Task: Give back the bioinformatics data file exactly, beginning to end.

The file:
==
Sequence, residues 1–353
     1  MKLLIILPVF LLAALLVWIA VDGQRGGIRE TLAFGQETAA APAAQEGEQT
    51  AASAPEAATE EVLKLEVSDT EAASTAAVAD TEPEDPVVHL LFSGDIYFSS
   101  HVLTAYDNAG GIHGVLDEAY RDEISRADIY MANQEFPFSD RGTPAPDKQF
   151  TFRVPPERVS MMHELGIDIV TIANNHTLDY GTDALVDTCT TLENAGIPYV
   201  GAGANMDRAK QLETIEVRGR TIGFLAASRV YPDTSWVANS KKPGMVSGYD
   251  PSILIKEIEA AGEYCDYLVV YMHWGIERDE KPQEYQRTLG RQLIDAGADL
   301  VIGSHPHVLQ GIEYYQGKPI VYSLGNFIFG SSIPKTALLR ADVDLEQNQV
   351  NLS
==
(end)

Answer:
Sequence, residues 1–353
     1  MKLLIILPVF LLAALLVWIA VDGQRGGIRE TLAFGQETAA APAAQEGEQT
    51  AASAPEAATE EVLKLEVSDT EAASTAAVAD TEPEDPVVHL LFSGDIYFSS
   101  HVLTAYDNAG GIHGVLDEAY RDEISRADIY MANQEFPFSD RGTPAPDKQF
   151  TFRVPPERVS MMHELGIDIV TIANNHTLDY GTDALVDTCT TLENAGIPYV
   201  GAGANMDRAK QLETIEVRGR TIGFLAASRV YPDTSWVANS KKPGMVSGYD
   251  PSILIKEIEA AGEYCDYLVV YMHWGIERDE KPQEYQRTLG RQLIDAGADL
   301  VIGSHPHVLQ GIEYYQGKPI VYSLGNFIFG SSIPKTALLR ADVDLEQNQV
   351  NLS